FileMaker Ships Add-On Programs
FileMaker is releasing a pair of packaged business applications based on the FileMaker database, the first of a series of add-ons from the company and third-party developers.
The first two add-ons are FileMaker Meetings, an organizational tool, priced at $49, and FileMaker Recruiter, a vertical use application designed to help manage job applications, priced at $299. The applications will run only with FileMaker 6,
FileMaker Meetings is designed to use the database structure to help people prepare data and manage information from meetings more efficiently, says John Dasher, product manager for FileMaker applications.
"We're not trying to solve scheduling issues, but organizational and management issues," he says. The Meetings template helps users build an agenda, manage the meeting, document and track actions, and even generate minutes. Users can route the material to the appropriate people through an e-mail template to common e-mail programs, including Outlook, Eudora, and the Mac-only programs Entourage and Apple Mail.
"I've been using it, and instead of having just my e-mail out-basket to search, I have a coordinated database of notes," Dasher says. "Also, it has brought a level of discipline. My meetings result in e-mail that is much more useful."
FileMaker developers interviewed many professional and in-house recruiters to get specs for FileMaker Recruiter, Dasher says. The program helps users build a database network of people, through a template with fields appropriate for a personnel recruiter and manager.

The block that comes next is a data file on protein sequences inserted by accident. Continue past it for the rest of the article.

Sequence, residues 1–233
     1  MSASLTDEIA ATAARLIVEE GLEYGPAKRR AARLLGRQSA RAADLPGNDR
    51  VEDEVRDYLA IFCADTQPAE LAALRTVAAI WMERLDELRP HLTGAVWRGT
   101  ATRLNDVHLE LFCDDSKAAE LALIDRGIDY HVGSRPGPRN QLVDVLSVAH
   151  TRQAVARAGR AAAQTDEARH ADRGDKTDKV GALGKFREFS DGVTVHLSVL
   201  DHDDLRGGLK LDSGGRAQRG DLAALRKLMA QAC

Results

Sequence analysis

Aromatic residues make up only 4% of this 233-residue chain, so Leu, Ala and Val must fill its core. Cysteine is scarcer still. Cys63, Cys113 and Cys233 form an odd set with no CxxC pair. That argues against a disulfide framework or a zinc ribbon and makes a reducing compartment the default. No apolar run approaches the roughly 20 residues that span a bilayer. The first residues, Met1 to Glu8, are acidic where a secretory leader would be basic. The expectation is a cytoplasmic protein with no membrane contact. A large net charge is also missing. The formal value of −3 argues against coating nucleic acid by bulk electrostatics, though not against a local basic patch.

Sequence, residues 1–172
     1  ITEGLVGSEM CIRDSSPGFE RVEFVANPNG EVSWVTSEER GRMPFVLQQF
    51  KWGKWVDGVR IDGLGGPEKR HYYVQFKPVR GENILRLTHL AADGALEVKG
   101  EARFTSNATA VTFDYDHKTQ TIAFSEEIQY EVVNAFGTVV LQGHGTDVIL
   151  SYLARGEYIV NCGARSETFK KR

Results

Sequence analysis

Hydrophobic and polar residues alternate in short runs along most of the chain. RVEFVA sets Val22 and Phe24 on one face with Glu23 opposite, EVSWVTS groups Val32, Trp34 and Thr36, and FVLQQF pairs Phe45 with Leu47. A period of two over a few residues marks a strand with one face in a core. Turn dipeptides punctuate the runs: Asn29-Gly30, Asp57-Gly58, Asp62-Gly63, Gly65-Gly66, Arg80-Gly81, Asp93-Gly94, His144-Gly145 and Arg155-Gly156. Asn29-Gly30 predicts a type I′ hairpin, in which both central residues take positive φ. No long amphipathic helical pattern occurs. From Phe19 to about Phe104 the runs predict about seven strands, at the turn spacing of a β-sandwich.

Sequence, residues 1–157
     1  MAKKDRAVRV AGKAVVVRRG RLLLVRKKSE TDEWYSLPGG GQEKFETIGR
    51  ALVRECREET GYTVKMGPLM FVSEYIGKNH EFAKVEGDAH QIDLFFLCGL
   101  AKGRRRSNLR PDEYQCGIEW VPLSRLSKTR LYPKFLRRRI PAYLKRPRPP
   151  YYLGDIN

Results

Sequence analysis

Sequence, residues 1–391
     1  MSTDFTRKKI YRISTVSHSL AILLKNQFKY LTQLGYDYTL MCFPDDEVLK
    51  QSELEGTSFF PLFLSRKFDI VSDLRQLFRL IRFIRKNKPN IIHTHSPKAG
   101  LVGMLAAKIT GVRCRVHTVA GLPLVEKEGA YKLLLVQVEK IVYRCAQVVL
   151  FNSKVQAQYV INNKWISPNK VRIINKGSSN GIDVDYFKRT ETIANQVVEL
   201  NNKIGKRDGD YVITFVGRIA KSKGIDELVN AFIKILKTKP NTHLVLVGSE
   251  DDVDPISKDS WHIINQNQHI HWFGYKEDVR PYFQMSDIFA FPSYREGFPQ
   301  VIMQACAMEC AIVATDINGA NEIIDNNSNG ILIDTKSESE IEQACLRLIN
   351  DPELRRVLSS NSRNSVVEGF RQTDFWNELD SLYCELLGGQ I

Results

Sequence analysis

For example, a user enters names and contact information for people, including the source of the introduction, and builds a network of contacts. "Over time you start to be able to identify your most productive sources, through the relationships between people," Dasher says. A ready database of people helps a recruiter place candidates more quickly.
This template also interfaces with e-mail and helps track the progress of a search. Because a database is the underlying engine, it's easy to sort information and generate reports as needed, Dasher says.
Both new programs will ship "unlocked," so users can modify them to their own needs, Dasher says. The company hopes the ready-made applications will help expand FileMaker's usefulness in firms that may not be able to develop a custom application.
"This is also an opportunity for a developer program," Dasher says. FileMaker tipped off prospective developers at its recent conference, and the plan was well received by the 1200 attendees, he says. "It's an opportunity for extension work for them," he says.
FileMaker also plans to release more add-on applications, some shipping before year's end, Dasher says. In the works is a template for database management by charitable and nonprofit organizations, or any business that solicits and tracks donations. "We know from our FileMaker customers that this sort of database often gets hacked together, so a well-thought-out one would be a big hit with that crowd," Dasher says.
Also in development are a task-management tool for workgroups, which Dasher calls "a to-do list on steroids," and a sales management program. An e-mail template engine will be part of both of these. "Communication is at the core of these applications," he says.
FileMaker plans to release all applications in versions for both Windows and the Mac. Making the new applications compatible only with FileMaker 6 is a nudge to get customers to upgrade to the current version, Dasher adds.